By Natural Philosopher Mike Prestwood

The Natural Philosophy Timeline

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Great thinkers, their ideas, and publications

Philosophy Series: 1. Big Picture | 2. Ideas | 3. Philosophers | 4. Publications

Natural Philosophy includes the great philosophers and their ideas and publications. This timeline focuses on the empirical, rational, and irrational as well as understanding their philosophical context. Philosophical context includes understanding the timing of discoveries and rediscoveries as well as the philosophers behind them and their publications. For the companion timeline for the book: “30 Philosophers: A New Look at Timeless Ideas,” go to Book Timeline: 30 Philosophers.

The Natural Philosophy Timeline

The Birth of Logic
The Birth of Logic
624 BCE
Circa 624-546 BCE

In the vibrant intellectual climate of Ancient Greece, the 6th century BCE marks the embryonic stage of formal logic, attributed to the philosopher Thales of Miletus (around 624-546 BCE). Thales, recognized as the first of the Seven Sages of Greece, embarked on a quest that laid the foundational stones of logical thought. He shifted the explanation of natural phenomena away from mythological interpretations towards rational principles.

Hourglass on the Beach

Hourglasses, also known as sandglasses or sand timers, were first used in the 14th century, although it is unclear exactly when they were invented. The earliest written reference to an hourglass dates back to the early 14th century in Europe, but they may have been used earlier in other parts of the world. Hourglasses were used as a reliable way to measure time, especially for tasks that required precise timing such as navigation at sea, cooking, and scientific experiments.

Relativity Principle
Relativity Principle

The Relativity Principle states that the laws of physics are the same for all observers in uniform motion relative to one another. This means that the passage of time, the length of objects, and the speed of light are the same for everyone, regardless of their relative motion.

Introduced by Galileo Galilei and detailed in his 1632 work “Dialogues Concerning Two New Sciences,” the Relativity Principle posits that the laws of physics are the same in any system moving at a constant speed in a straight line, regardless of its particular speed or direction. This principle laid the groundwork for understanding that motion is relative to the observer’s frame of reference.

Protozoa Discovered: Microbiology Founded
Protozoa Discovered: Microbiology Founded

Although protozoa evolved from eukaryotes about 2 billion years ago, it was 1674 that humanity saw them for the first time. That’s when Antonie van Leeuwenhoek, using his meticulously crafted microscopes, discovered protozoa—the first microscopic observation of single-celled organisms. His detailed observations and descriptions of what he called “animalcules” in a drop of pond water opened a completely new world to scientific study, fundamentally transforming our understanding of life on Earth. This discovery not only marked the birth of microbiology as a science but also challenged existing views on the complexity and diversity of life, laying the groundwork for the exploration of biological processes at the cellular level. Little did Antonie know, he was looking at the descendants of the ancestor to plants, animals, and fungi! Later, in the 1990s, scientists put together the following timing:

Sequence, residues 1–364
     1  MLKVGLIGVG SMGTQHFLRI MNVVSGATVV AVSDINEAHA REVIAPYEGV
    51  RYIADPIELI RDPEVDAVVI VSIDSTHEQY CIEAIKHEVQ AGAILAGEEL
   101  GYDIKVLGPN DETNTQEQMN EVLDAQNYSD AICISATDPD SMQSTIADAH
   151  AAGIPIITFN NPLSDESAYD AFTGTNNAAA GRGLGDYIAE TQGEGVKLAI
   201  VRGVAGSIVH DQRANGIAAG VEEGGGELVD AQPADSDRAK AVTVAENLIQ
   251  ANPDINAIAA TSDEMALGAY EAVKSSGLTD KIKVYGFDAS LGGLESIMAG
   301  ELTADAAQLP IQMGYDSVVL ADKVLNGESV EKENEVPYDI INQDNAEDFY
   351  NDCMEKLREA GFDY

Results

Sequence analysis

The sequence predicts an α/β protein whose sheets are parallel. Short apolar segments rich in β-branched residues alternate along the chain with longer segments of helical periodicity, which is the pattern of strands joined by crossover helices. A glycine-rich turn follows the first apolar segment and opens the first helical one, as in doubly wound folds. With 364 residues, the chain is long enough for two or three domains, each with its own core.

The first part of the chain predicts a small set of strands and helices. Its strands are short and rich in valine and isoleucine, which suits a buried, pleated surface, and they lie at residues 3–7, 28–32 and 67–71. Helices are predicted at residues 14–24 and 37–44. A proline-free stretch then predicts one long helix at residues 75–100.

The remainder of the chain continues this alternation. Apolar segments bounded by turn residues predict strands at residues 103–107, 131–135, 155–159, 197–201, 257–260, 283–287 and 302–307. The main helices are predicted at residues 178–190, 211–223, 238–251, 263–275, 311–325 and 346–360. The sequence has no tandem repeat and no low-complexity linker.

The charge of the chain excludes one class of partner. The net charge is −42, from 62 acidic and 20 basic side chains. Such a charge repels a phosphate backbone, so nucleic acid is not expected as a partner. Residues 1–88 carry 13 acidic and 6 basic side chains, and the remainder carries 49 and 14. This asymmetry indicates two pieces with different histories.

• 1.7 billion years ago: Plants diverge from the common protozoa ancestor.
  • 1.5 billion years ago: Fungi and animal branch emerges.
  • 1.3 billion years ago: Fungi diverge from the common fungi-animal ancestor.

Analysis: The discovery of protozoa brought to light the vast, previously invisible world of microorganisms, reshaping biological and medical sciences by introducing the concept that life extends far beyond what is visible to the naked eye. This revelation had profound implications, leading to advances in disease control, understanding ecological interactions, and even prompting discussions on the origins of life. 

The Invention of Calculus
geometry, mathematics, volume

Invented by Newton in the 1660s (pub. 1687) and independently by Leibniz in the 1680s (pub. 1684). Both built on Galileo’s popularizing the idea of the infinitesimal.

Calculus, the mathematical study of continuous change, introduced the concepts of differentiation and integration, providing tools to model and analyze motion, growth, and the infinitesimal. Newton, working primarily in England, utilized calculus to formulate his laws of motion and gravitation, fundamentally altering our understanding of the physical universe. Simultaneously, Leibniz developed a similar set of mathematical tools, contributing a notation system that remains in use to this day. He introduced the integral sign (∫) and the differential operator (d), foundational in calculus for representing integration and infinitesimal changes, respectively. His “dy/dx” notation for derivatives elegantly describes rates of change, all of which remain central to calculus today.

Electromagnetic Radiation Theory
Electromagnetic Radiation Theory
James Clerk Maxwell (1831-1879)